A simple insect hotel can be made from a collection of hollow stems, twigs and cones packed into a plastic bottle with the end cut off. Several hotels could be placed in different positions around the garden such as on the ground amongst vegetation, next to a wall, fixed to a post placed in a hedge or hanging from a tree.

Another easy design is to take a bundle of bamboo canes or other twigs and tie them together with a piece of string. Hang up the bundle under the branch of a tree or to a railing and the insects will start to move in.

Building an Insect Hotel for Winter Hibernation.

Insect Hotel made from recycled plastic bottle. Credit: www.redtedart.com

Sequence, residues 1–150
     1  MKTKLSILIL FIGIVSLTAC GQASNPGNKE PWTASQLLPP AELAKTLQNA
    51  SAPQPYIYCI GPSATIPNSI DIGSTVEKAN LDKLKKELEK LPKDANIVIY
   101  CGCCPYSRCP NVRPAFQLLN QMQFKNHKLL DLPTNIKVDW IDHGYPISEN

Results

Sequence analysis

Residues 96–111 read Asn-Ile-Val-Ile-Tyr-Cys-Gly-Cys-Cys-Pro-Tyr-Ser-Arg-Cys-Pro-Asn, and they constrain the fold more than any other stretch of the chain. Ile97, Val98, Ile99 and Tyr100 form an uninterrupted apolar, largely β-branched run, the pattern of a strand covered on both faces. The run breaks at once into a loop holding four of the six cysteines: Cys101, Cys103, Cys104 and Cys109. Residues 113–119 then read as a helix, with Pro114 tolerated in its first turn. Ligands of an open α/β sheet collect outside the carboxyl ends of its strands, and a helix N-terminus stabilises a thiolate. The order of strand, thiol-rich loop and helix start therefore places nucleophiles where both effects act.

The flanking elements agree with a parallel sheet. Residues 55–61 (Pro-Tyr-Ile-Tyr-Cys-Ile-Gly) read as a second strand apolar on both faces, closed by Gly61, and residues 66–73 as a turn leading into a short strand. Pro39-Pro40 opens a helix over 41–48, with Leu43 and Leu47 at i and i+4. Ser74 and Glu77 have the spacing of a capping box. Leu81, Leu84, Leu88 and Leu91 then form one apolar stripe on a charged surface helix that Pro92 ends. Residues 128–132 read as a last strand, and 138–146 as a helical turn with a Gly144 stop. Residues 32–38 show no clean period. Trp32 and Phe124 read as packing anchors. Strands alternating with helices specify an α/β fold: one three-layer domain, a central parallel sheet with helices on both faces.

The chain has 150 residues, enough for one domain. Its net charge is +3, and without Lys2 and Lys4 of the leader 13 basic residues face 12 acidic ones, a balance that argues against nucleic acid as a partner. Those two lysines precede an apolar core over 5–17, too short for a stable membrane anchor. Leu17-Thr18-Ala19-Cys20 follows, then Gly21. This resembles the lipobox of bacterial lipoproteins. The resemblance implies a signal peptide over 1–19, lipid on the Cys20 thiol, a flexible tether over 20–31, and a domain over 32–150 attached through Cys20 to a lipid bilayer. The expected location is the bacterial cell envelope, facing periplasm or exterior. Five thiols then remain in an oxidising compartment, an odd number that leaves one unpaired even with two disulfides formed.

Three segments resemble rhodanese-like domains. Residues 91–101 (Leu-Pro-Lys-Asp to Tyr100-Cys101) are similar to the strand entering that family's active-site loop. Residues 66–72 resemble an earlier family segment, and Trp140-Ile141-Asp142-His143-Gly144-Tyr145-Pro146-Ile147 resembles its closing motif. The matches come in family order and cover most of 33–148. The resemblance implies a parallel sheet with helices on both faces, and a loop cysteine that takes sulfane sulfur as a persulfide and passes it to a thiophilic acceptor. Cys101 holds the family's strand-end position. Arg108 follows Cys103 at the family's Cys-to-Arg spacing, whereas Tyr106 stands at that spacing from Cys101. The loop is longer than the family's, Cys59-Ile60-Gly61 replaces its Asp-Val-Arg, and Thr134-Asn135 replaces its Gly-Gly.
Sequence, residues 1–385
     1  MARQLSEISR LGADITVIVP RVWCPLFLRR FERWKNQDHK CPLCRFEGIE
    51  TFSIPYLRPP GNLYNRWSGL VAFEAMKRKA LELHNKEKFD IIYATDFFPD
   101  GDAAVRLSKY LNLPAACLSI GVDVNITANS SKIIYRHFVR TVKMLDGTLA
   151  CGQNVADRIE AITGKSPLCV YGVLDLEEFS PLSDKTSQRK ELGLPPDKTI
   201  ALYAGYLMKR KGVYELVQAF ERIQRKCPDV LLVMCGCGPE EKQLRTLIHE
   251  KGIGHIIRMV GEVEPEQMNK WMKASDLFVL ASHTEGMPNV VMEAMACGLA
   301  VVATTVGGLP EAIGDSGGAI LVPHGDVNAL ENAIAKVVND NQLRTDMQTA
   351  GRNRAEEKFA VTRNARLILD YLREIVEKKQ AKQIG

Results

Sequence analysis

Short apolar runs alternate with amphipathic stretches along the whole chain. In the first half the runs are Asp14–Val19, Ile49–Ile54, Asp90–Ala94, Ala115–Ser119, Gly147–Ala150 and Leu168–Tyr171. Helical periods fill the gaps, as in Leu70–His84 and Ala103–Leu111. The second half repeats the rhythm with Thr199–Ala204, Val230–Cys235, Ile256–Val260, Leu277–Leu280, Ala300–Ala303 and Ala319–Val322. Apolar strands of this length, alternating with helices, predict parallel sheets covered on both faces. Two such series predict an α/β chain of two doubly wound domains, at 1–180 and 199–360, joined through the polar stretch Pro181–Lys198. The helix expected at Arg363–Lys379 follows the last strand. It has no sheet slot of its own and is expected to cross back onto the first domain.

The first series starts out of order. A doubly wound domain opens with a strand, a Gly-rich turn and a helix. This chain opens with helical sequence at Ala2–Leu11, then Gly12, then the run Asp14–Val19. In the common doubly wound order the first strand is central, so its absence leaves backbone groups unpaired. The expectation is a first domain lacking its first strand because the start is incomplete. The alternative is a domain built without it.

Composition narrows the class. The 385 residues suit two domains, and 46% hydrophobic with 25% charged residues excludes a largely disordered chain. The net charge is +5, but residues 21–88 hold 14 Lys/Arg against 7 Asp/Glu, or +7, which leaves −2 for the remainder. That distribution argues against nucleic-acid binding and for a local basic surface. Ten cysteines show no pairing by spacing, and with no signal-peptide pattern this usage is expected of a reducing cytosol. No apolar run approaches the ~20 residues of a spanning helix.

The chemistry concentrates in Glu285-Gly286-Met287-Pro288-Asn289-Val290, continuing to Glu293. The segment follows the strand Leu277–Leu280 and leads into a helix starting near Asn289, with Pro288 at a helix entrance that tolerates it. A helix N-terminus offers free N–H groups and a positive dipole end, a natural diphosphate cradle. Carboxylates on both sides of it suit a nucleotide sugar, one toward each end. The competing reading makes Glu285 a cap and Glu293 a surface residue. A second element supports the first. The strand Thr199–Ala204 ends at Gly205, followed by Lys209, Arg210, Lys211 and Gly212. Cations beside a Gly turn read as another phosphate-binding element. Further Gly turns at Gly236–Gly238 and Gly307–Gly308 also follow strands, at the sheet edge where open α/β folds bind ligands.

Building an insect hotel for Winter Hibernation

An insect hotel made from a simple bundle of canes/twigs tied together

Use old pots, twigs, rolled up cardboard etc to create a simple but interesting looking insect hotel.

Building an insect hotel for Winter hibernation

Credit: http://craftygreenpoet.blogspot.ie

What types of habitiats are needed to conserve our pollinators and other insects.

Dead wood  is an increasingly rare habitat because in recent times we have become excessive with neatness in our gardens, parks and amenity areas. It is essential for the larvae of wood-boring beetles such as the stag beetle because they feast on the decaying wood. Place at the base of your hotel so the logs stay nice and damp and mix with other decaying plant matter to attract centipedes (which devour slugs) and other woodland litter insects such as millipedes and woodlice (which will provide a welcome source of food for birds). This is also a great spot for garden spiders.It also supports many fungi, which help break down the woody material.